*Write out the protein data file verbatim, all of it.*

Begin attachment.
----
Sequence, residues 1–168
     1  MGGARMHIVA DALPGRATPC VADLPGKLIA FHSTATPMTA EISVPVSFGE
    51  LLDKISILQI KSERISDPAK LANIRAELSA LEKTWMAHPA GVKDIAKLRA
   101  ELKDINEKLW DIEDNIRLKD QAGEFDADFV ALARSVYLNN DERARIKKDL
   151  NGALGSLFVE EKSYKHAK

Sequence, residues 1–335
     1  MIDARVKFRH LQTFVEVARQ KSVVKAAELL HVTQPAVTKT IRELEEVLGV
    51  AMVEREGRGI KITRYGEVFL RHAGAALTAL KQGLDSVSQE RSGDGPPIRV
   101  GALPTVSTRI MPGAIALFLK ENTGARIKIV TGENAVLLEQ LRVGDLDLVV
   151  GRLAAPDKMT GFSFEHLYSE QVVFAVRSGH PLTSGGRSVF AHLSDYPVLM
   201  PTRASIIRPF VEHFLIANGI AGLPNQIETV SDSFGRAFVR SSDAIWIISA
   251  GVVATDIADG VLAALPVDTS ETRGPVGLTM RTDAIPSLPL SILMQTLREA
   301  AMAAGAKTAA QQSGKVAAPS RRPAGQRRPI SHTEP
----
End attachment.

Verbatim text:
Sequence, residues 1–168
     1  MGGARMHIVA DALPGRATPC VADLPGKLIA FHSTATPMTA EISVPVSFGE
    51  LLDKISILQI KSERISDPAK LANIRAELSA LEKTWMAHPA GVKDIAKLRA
   101  ELKDINEKLW DIEDNIRLKD QAGEFDADFV ALARSVYLNN DERARIKKDL
   151  NGALGSLFVE EKSYKHAK

Sequence, residues 1–335
     1  MIDARVKFRH LQTFVEVARQ KSVVKAAELL HVTQPAVTKT IRELEEVLGV
    51  AMVEREGRGI KITRYGEVFL RHAGAALTAL KQGLDSVSQE RSGDGPPIRV
   101  GALPTVSTRI MPGAIALFLK ENTGARIKIV TGENAVLLEQ LRVGDLDLVV
   151  GRLAAPDKMT GFSFEHLYSE QVVFAVRSGH PLTSGGRSVF AHLSDYPVLM
   201  PTRASIIRPF VEHFLIANGI AGLPNQIETV SDSFGRAFVR SSDAIWIISA
   251  GVVATDIADG VLAALPVDTS ETRGPVGLTM RTDAIPSLPL SILMQTLREA
   301  AMAAGAKTAA QQSGKVAAPS RRPAGQRRPI SHTEP